Please describe your current and/or previous roles that relate to your work for justice and equality.
I have always believed in education as a tool for racial justice and equity. Since graduating from Lafayette I have been a teacher in New York City in predominantly underserved neighborhoods. Most recently, I have expanded to co-found my own organization known as Roots to Revolution to teach adults the history of systemic oppression in America so they can be a part of the process of dismantling it. In 2007, I joined Teach for America and started teaching in the South Bronx at a public school. I’ve been teaching in New York City since then, most recently in Brooklyn. I’ve taught grades 5-12 in both global and U.S. history. Most recently I have been working with history teachers across four middle schools developing the history curriculum in grades 6-8 and providing professional development for them as educators. It was always my goal to have my students see themselves in the American story, so my focus has always been on teaching a historical narrative that is inclusive and helping my students build their skills as political activists in our society.
I recently co-founded an organization called Roots to Revolution where we teach any willing adult the history of systemic racism in America so they can use history as a tool to fight oppression. We launched this summer and have taught adults ranging in age from 22-72. As an educator, I’ve always believed that it is important that my students weren’t taught a whitewashed version of American history and most recently I have found that story shouldn’t stop at being told to just children; adults need that story too. I believe that if all of us understood the contributions of Black Indigenous People of Color to the nation in a more comprehensive way we could take the first step in healing past our racial trauma as a country. Understanding an inclusive story of our past is an important first step in dismantling racism in America. We need to understand how structural inequality has been created if we want to destroy it. In Roots to Revolution, we meet with our students once a week for 90 minutes on Zoom in a 7-week course. We provide them with readings to do in preparation for class and then at the end of each week they complete an action plan that helps them think about how to become an activist. We believe in building a strong sense of community in our courses so that students can become sustainable activists.
Outside of work I am involved in two major volunteer commitments. I work with an organization called Amplify Her in New York City as the co-director of the student chapters. In this role, I have worked with students across New York City high schools getting them involved in local political campaigns for women running for office. New York City schools are incredibly segregated so through this role my co-director and I have worked to bring together students from different parts of the city so they can develop strong relationships and also understand the differences amongst their communities. I am also a member of the junior board at the Women’s Prison Association (WPA) of New York City. This group works to rehabilitate women who have been accused of crimes instead of incarcerating them. The women prison population in the United States has increased by 837% in the last two decades and the majority of women who are incarcerated were victims of domestic abuse. I fundraise for the WPA because they focus on strategies that help women re-enter into society and avoid traumatizing incarceration.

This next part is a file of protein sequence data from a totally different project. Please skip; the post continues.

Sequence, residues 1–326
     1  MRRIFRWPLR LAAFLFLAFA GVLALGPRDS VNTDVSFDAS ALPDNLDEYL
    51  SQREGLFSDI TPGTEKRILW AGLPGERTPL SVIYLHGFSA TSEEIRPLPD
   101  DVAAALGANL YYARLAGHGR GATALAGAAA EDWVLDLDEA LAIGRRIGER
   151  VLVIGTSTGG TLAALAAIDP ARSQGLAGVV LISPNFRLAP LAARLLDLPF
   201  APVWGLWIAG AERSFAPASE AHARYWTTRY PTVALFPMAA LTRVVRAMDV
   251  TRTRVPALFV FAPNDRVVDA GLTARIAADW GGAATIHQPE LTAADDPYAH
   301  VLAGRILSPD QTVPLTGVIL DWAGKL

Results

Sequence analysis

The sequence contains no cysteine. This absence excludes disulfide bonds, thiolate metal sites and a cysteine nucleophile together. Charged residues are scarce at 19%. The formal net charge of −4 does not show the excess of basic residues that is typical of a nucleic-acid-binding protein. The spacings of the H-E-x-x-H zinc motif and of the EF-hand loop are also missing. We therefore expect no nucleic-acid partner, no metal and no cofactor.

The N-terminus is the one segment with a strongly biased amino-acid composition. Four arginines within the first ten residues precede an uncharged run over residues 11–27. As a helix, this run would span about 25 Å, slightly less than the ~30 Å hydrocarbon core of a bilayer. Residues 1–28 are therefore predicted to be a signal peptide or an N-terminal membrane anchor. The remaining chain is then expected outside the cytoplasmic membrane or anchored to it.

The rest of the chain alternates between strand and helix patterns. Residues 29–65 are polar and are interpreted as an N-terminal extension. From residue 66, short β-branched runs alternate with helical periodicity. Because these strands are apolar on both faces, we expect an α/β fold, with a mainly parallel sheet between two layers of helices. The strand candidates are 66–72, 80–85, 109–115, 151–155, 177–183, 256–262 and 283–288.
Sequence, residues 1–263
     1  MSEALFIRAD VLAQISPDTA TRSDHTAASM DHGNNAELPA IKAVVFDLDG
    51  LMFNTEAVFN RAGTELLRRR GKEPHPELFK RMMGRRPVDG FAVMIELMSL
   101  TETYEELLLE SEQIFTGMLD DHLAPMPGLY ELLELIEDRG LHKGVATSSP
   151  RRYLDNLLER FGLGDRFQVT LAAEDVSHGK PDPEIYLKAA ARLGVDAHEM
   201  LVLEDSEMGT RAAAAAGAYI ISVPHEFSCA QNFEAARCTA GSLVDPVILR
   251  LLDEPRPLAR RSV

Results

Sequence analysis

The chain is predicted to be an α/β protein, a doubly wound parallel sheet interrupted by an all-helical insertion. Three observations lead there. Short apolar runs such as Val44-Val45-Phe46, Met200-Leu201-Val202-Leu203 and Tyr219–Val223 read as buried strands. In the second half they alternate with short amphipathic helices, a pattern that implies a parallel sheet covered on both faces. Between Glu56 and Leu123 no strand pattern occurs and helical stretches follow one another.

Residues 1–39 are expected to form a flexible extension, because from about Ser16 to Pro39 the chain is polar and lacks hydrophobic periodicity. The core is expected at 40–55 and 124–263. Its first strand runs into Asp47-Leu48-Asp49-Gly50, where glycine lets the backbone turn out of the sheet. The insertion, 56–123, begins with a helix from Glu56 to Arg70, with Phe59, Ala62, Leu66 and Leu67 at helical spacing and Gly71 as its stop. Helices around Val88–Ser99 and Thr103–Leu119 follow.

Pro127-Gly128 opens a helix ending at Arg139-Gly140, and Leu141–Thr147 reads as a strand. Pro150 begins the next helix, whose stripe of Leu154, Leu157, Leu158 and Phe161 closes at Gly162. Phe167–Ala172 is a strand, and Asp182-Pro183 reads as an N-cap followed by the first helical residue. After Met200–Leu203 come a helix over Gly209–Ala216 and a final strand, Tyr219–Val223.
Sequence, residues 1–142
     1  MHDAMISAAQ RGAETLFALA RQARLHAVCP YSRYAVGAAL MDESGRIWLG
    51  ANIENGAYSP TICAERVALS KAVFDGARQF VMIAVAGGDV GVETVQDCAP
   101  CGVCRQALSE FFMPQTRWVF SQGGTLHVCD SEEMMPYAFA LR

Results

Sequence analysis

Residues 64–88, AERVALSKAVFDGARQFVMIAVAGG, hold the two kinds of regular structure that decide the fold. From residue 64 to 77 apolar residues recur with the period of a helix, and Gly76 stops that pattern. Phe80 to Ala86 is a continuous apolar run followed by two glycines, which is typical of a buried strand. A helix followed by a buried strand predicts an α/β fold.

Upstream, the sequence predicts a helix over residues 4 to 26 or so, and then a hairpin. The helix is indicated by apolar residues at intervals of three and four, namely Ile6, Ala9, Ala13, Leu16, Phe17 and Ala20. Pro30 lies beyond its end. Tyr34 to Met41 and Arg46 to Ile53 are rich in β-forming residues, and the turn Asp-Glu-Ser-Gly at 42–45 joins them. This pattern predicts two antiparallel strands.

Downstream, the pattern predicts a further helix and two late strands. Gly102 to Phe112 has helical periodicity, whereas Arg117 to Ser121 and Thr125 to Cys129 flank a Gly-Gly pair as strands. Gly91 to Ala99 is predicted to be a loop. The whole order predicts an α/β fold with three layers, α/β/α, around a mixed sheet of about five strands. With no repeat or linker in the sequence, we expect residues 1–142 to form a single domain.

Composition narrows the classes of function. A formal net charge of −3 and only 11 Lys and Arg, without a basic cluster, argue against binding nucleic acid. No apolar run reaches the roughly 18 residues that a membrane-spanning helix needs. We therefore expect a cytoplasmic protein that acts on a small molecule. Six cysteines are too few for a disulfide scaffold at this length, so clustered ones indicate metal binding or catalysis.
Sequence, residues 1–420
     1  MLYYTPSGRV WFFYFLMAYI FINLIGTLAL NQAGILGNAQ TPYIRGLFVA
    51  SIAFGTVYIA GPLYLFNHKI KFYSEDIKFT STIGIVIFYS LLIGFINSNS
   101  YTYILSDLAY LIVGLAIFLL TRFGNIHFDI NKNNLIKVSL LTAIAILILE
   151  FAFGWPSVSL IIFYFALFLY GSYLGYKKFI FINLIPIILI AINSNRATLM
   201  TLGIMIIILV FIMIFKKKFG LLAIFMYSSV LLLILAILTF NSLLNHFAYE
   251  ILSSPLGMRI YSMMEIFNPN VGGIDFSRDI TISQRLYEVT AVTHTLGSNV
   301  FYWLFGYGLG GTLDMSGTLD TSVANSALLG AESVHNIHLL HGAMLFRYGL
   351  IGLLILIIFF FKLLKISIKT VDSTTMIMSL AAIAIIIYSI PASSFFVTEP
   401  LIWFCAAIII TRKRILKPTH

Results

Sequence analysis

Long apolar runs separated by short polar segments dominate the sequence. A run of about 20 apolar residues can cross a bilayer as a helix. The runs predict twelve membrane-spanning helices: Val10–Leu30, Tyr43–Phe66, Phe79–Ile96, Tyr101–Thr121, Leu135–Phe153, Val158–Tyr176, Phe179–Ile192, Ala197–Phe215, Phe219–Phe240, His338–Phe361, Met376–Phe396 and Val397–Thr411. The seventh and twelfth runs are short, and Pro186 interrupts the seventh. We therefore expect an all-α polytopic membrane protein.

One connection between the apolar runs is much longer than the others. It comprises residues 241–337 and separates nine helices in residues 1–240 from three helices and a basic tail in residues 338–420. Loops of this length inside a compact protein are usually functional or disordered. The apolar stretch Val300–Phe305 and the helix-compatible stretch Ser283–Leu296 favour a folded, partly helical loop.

What about your work brings you the most joy or gives you the most pride?
Teaching is an emotionally rewarding job. Teenagers are really fun people to work with. Being around kids all of the time is extremely joyful. I have had many fun little moments in the classroom, whether it be dressing up like historical figures and making the kids laugh or having them debate current events and watching them light up when they have the right answer. Daily work with children is exciting. Then there are the big moments in teaching that have made my career really special. I was able to take the entire junior class to go see Hamilton. I’ve gone on overnight trips with my students to Washington D.C. and New Orleans. I’ve watched my students be some of the first in their families to get into college. (Selfishly, I was very excited when one of my students accepted at Lafayette!) I was a confirmation sponsor for one of my students. One of the best parts about being in a profession that serves others and works for justice is you develop strong meaningful relationships that are so fulfilling. Being able to start my own organization and grow something from the ground up has been exhilarating. Roots to Revolution has challenged me to be a new kind of leader and I’ve gotten to exercise so many creative muscles navigating how to build community and effective learning through zoom. But the pandemic has also created a learning opportunity. Through this course we’ve connected individuals from 24 different states and four countries. Some of my students had never had a Black woman as a teacher before because the history profession is so dominated by white men and they are learning so much from my colleagues of color. This experience has taught me that in every type of adversity we can find opportunities for growth, love and connection.
What is your most meaningful moment or significant accomplishment as it relates to your work for justice and equality?
The hardest part about doing racial justice work is that the work is never done. I am not sure it will be done in my lifetime, so it’s extremely hard to pull out a moment that has been the most significant or feeling like I have accomplished my goal of ending educational inequity. I know it will be a lifelong journey that I work on everyday. It has been powerful though to hear from students as they get older and watch their life trajectory. I have a student who I taught my first year teaching and she was in 7th grade. She has since graduated from college and went onto get her Masters in Social work, she wants to go back to her community in the South Bronx and work in schools because she felt our teaching community really supported her. She’s the first in her family to go to college and I love hearing from students who are going on to do incredible work fighting for equity. Working with students on political organizing has been extremely rewarding. One of the issues with our political system is it is not designed for low income BIPOC people to get involved, it caters to wealthy white Americans. I have worked recently with my students in the last couple of years to get involved with volunteering on state assembly races and NYC council races. It has brought me a lot of joy to watch them share their stories with politicians about the needs of their communities and see them influence change. I hope that early exposure to the political system will keep them involved for a lifetime and hopefully inspire them to run for office someday. Even if they do not run, their voices are pushing for a more inclusive system.